Risk Assessment From the

 
 
By Cameron Sturdevant  |  Posted 2006-03-07 Email Print this article Print
 
 
 
 
 
 
 


Outside In"> Indeed, a risk assessment should factor in the potential damage of information disclosure either in the form of fines or the loss of customer confidence. And this assessment should be shared with executives, project managers and developers in ways that each group can understand and act on.

MasterCards Stanley is a proponent of using outside labs to test the security of the devices—hardware and software—used around the globe to authenticate credit card holders. "We are dealing with 23,000 banks, thousands of processors and 30 to 40 million different merchants on a wide range of platforms," he said. "We need people who can test the hardware and software."

But who tests the code testers? Click here to read more.
Coffee added that many companies would do well to seek the services of a consultancy focused on security, spreading the development load. "There is no reason to bear the burden of developing and maintaining the skill set for your company when it can be more efficiently leveraged across multiple clients of a security assessment firm," he said.

While Stanley wouldnt say how much the organizations secure software assessment program costs, he did offer a cost guideline. The process of gaining formal software security assurance for an application—such as the Common Criteria assurance, a set of IT requirements distilled from U.S., Canadian and European agencies—will likely cost as much as the development of the application and will likely double the time frame for application delivery. According to Stanley, it takes three to five years to put an effective software security assurance program in place.

The trick is to balance resources and risk—no easy task, according to Cigitals McGraw. "We need to figure out how to still produce code and still earn revenue while also balancing out the security equation," he said. "Its a question of risk management."

Qualcomms Rose is looking to automation to help his company achieve this balance. "The idea is to improve our software development process to the point where its just automatic that security issues are taken care of, and wed like to meet that goal in the next couple of years," he said.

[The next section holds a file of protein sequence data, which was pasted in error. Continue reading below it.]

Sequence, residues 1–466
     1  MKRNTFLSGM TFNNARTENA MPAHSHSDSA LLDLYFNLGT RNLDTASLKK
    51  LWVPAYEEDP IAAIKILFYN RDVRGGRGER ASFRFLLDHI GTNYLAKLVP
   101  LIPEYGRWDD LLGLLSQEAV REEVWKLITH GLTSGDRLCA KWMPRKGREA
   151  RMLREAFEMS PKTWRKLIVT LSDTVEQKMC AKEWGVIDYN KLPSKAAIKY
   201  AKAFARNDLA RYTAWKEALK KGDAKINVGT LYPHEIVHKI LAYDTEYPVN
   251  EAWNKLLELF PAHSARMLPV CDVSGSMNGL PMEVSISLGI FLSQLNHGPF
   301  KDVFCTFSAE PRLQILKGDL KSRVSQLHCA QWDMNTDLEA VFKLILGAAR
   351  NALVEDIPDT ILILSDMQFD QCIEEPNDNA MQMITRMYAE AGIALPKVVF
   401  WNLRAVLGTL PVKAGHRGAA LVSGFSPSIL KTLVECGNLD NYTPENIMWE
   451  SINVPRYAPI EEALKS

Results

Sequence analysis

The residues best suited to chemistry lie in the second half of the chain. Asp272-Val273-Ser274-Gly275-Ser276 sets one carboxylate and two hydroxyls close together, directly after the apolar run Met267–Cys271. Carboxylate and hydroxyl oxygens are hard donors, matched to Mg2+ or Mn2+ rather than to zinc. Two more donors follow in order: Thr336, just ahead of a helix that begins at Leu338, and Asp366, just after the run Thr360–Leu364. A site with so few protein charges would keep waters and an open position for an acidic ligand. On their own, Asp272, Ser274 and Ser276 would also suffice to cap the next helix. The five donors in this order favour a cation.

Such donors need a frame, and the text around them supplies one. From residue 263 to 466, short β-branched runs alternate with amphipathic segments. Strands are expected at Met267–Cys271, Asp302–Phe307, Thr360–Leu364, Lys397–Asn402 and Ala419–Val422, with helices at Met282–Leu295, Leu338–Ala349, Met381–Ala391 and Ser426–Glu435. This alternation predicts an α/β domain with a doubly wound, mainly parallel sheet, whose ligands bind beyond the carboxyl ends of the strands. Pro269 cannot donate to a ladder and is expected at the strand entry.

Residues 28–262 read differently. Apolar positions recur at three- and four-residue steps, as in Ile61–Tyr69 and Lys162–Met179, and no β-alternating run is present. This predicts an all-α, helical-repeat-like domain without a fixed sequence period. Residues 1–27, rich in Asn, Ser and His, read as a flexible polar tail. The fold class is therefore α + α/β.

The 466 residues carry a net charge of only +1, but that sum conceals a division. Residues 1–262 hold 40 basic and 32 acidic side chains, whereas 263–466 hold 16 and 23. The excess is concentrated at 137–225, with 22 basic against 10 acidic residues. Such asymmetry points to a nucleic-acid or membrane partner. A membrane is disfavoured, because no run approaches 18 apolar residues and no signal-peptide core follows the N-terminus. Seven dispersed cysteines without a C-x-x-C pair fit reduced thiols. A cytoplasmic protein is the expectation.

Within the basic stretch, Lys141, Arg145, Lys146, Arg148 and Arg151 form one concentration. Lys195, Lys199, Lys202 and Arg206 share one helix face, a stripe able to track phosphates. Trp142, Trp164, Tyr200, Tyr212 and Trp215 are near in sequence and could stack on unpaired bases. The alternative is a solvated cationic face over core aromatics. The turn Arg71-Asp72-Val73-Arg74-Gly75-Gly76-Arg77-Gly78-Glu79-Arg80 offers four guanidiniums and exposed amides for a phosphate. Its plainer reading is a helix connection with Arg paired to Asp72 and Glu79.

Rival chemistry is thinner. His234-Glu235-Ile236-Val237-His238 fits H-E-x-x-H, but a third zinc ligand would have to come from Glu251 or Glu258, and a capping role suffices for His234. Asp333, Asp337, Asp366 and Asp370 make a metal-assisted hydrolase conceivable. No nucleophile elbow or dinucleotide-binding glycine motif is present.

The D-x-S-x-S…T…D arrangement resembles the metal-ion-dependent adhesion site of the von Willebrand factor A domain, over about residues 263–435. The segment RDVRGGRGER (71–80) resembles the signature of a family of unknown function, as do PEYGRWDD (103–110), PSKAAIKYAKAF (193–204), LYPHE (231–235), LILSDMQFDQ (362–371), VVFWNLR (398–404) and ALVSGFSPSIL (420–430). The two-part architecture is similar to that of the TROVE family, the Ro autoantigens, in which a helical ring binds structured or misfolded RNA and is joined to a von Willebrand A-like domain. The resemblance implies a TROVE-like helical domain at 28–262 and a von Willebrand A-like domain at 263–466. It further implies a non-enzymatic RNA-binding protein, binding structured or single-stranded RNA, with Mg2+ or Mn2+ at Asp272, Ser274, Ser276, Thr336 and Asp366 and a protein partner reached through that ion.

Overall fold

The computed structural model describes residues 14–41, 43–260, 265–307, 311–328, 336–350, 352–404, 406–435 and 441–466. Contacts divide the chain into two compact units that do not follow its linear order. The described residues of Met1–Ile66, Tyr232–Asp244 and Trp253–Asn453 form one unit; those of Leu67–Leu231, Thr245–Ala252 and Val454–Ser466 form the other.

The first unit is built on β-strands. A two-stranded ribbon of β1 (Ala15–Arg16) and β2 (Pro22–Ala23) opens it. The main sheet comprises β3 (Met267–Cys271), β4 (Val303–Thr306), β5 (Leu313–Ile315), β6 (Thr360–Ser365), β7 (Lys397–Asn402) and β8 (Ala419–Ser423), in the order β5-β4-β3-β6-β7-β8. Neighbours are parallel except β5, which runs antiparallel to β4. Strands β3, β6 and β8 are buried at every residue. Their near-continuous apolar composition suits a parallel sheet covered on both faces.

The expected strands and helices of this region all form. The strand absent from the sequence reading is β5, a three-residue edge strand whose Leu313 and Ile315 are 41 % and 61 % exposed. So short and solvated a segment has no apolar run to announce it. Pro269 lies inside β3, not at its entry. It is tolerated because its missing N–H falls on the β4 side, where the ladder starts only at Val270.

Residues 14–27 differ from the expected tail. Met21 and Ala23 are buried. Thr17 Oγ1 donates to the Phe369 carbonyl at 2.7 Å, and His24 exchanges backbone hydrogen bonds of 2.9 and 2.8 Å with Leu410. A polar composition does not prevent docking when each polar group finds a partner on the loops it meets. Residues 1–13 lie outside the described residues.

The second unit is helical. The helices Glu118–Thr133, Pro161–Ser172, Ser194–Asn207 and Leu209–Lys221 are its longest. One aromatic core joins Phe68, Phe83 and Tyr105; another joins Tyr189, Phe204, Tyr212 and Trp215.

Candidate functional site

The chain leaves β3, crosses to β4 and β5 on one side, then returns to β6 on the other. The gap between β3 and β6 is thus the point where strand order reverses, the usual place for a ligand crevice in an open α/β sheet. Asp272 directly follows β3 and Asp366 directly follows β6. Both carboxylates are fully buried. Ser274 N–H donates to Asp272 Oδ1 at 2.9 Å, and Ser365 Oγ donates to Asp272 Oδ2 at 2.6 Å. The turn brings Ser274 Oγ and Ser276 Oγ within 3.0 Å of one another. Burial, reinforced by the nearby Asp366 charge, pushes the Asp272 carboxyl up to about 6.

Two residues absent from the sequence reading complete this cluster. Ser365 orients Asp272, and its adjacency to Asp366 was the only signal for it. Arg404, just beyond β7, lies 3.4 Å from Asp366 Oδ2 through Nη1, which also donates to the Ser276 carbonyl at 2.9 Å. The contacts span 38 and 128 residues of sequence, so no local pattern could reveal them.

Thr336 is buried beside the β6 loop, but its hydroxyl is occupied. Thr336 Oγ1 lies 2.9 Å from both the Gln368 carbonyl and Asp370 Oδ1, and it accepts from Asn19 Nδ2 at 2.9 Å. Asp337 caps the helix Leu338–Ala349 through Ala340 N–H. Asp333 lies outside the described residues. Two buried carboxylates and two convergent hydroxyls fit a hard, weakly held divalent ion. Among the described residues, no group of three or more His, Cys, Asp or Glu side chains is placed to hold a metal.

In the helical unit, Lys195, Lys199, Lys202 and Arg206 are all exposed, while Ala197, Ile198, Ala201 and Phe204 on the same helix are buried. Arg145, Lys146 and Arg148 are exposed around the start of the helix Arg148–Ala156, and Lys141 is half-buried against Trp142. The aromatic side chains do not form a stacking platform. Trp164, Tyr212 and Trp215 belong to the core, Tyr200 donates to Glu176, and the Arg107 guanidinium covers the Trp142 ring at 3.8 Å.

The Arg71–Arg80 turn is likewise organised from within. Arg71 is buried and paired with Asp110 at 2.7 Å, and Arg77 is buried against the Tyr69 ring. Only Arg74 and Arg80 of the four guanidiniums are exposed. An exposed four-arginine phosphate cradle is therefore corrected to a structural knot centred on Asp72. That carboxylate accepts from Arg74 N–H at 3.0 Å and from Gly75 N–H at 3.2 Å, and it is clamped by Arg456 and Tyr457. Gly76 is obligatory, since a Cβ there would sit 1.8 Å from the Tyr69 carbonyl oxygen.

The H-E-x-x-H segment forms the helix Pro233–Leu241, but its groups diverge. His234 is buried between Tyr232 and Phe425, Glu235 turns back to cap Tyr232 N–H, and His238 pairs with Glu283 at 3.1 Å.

There are several automated code checking tools available to aid developers in their security quest, and many are now available as services. Compuware, for example, offers two days of on-site code checking services using its DevPartner SecurityChecker 2.0 for $6,000—a price that allows even smaller, resource-strapped companies to avail themselves of this type of service.

Read more here about DevPartner SecurityChecker 2.0. Part of improving the software development process is opening it up to all vested parties. Company executives will require a well-documented impact report that details the costs associated with a software breach. Development project managers and other middle-management groups—acknowledged by all the experts we spoke to as the hardest group to reach—will be swayed by peer comparisons such as reports that show the number and cost of security errors compared by project.

Regardless of which tools or services are selected, all the experts we spoke with agreed that awareness and commitment are needed at all levels of the organization to ensure that security is a core component of any new application.

E-mail Technical Director Cameron Sturdevant at cameron_sturdevant@ziffdavis.com.

Check out eWEEK.coms for the latest news, reviews and analysis in programming environments and developer tools.


 
 
 
 
Cameron Sturdevant Cameron Sturdevant has been with the Labs since 1997, and before that paid his IT management dues at a software publishing firm working with several Fortune 100 companies. Cameron also spent two years with a database development firm, integrating applications with mainframe legacy programs. Cameron's areas of expertise include virtual and physical IT infrastructure, cloud computing, enterprise networking and mobility, with a focus on Android in the enterprise. In addition to reviews, Cameron has covered monolithic enterprise management systems throughout their lifecycles, providing the eWEEK reader with all-important history and context. Cameron takes special care in cultivating his IT manager contacts, to ensure that his reviews and analysis are grounded in real-world concern. Cameron is a regular speaker at Ziff-Davis Enterprise online and face-to-face events. Follow Cameron on Twitter at csturdevant, or reach him by email at csturdevant@eweek.com.
 
 
 
 
 
 
 

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